Joe did manage to find a new job just a few months after finding out he was being let go. He brought samples of the presentations he had worked on with him on interviews and was likely hired due to two things. First, he was able to show the interviewers some of his past work. That work provided evidence that he wasn’t just someone who liked to draw stick figures. Secondly, he had experience that was completely separate from his art and that made him a well rounded candidate for the job.
Even though Joe now has a great job doing work that he loves, he still makes sure to keep his Master Résumé updated. He even has two different templates for his résumé, one that is in a more traditional text format and one that incorporates graphic elements that he may use for more artistic work in the future.
Have more questions about writing your résumé? Leave them in the comments below.
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It’s that time again, a simple call for questions. This time I’m looking for anything you want to know about editing, grammar, punctuation, proofreading, etc.
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A few weeks ago I asked you to send me some of the things that you find hard about writing your résumé. I will be tackling some of those in the coming weeks as blog topics.
Terrance wrote in-“I am not a writer and so I have a hard time crafting my experience on paper. I can talk about what I did but it is also hard remembering everything that I have done.”
I can completely understand this trouble. Some people are natural talkers. They are comfortable telling their story to people face to face but they lock up when they sit down by themselves to tell that same story. Let’s look at a few tips t get around this.
I have written about this in the past but it bears repeating. Make sure that you have a complete Master Résumé handy at all times. This document includes every job (yes, even babysitting or delivering papers in middle school) that you have ever held along with every responsibility that those jobs entailed.
When you need to apply for a job, simply access your Master Résumé and remove anything that doesn't apply to the job in question.
I recommend this not only because I offer this as a service through Best Word Forward but because I used to have trouble seeing the forest for the trees when I was writing my résumé. This is true about any writing endeavor and probably any artistic pursuit. Michelangelo likely had the vision of the Sistine Chapel in his mind, but it must be seen from the floor in order to appreciate the full beauty.
Your reviewer doesn't have to be a professional. I recommend finding a friend or family member with a teenage child and ask them to read over your résumé. For 90% of jobs, keeping the résumé simple makes more of an impact than over complicating it with big words. If someone in their early to mid teen years can understand your résumé AND repeat back to you what they read, chances are you are pretty close to the mark.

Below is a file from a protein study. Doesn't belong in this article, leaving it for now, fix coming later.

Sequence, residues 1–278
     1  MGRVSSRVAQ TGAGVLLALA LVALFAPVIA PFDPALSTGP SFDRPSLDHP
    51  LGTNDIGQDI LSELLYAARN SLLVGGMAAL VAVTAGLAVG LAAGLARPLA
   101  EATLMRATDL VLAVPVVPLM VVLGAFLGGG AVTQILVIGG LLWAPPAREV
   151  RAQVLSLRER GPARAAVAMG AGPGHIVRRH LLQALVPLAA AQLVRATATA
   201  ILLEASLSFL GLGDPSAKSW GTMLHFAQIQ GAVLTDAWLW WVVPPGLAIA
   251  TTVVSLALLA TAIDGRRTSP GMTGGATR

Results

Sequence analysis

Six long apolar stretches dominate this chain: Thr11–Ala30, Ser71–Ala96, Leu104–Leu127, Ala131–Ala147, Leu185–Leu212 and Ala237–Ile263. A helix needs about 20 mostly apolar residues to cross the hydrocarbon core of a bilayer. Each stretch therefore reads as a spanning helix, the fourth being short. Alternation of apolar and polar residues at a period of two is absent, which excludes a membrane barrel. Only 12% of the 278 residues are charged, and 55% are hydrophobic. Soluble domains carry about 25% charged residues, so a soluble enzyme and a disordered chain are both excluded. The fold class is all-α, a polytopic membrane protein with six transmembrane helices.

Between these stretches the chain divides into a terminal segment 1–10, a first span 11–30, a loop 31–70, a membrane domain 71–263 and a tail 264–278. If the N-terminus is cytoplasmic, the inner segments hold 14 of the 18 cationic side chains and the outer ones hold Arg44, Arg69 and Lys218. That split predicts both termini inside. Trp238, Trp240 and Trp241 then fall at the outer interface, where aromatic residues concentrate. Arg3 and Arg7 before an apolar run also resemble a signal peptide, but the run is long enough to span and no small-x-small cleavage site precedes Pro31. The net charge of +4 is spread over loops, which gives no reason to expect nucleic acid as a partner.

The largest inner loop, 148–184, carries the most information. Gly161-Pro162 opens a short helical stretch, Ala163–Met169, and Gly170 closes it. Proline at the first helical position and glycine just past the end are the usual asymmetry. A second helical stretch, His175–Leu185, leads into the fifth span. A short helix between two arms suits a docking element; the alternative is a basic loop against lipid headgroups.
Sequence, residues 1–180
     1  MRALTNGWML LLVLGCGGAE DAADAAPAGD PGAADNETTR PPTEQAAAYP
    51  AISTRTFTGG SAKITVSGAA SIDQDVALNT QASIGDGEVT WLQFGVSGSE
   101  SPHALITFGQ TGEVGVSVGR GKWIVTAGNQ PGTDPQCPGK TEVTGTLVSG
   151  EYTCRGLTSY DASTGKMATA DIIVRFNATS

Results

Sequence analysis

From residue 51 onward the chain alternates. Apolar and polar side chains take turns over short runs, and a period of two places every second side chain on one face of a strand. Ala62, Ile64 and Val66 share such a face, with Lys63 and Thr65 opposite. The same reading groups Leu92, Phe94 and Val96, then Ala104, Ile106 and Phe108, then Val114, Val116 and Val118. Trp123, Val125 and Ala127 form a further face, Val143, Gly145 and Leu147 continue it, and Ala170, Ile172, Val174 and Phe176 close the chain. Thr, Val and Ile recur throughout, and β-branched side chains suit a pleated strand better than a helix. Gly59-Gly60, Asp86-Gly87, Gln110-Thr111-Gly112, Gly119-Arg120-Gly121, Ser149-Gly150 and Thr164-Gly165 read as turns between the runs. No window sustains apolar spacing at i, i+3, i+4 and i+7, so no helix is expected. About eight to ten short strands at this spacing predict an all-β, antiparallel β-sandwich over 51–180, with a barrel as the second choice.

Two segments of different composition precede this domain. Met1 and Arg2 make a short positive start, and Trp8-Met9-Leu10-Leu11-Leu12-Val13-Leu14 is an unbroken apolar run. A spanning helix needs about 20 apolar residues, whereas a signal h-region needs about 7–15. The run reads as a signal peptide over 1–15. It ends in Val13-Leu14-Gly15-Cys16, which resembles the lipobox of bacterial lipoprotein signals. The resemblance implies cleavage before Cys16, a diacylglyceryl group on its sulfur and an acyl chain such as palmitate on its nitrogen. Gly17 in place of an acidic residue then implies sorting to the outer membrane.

Do it in Chunks
Putting together can be a daunting task, especially when you don’t have a job and are trying desperately to land work. My last piece of advice is not to try and put together your full résumé all in one sitting. Just like any good writing, you should take some time to set down your outline. Start with just a list of your jobs and education. Once you have that framework in place, start filling in the details.
Give yourself a solid goal, perhaps one week to finish updating your résumé, and work on it a little bit every day. You’re not cramming for a test, you’re setting up your résumé to help you get a better job and improve your life. Make every second that you put into this effort count.
If you still have more questions about how to write your résumé, leave a note in the comments section or email me.
One of the hardest parts about the English language is the prominence of words that sound the same, or very similar, yet mean different things. My recent favorite is “there,” “their” and “they’re.” If you read these to someone and they can’t see them printed on the page, they will have no idea which meaning is intended without some additional context.
Another pair of words that I have recently seen used incorrectly is “ensure” and “insure.” At first glance, these two words are so similar. They may only differ by one letter, but that little change can make a big difference.
Both of these words can have the concept of securing or guaranteeing something behind their meaning, but again, the context is important. When using “insure” you are generally be speaking about something financial. You pay to insure your car or home against damage. You pay to insure yourself against costly health issues. In general, anything pertaining to the insurance industry will use “insure.”
On the other hand, “ensure” should be used when you are guaranteeing something will happen. “The girl sang well enough to ensure herself a spot on American Idol.” You are essentially saying that an event is a certainty because of some other action.
Now you know, and knowing…well GI Joe probably has the rest of that copyrighted.
Jonathan Ytreberg is the owner of Best Word Forward, committed to providing the best resume advice and services to clients around the globe.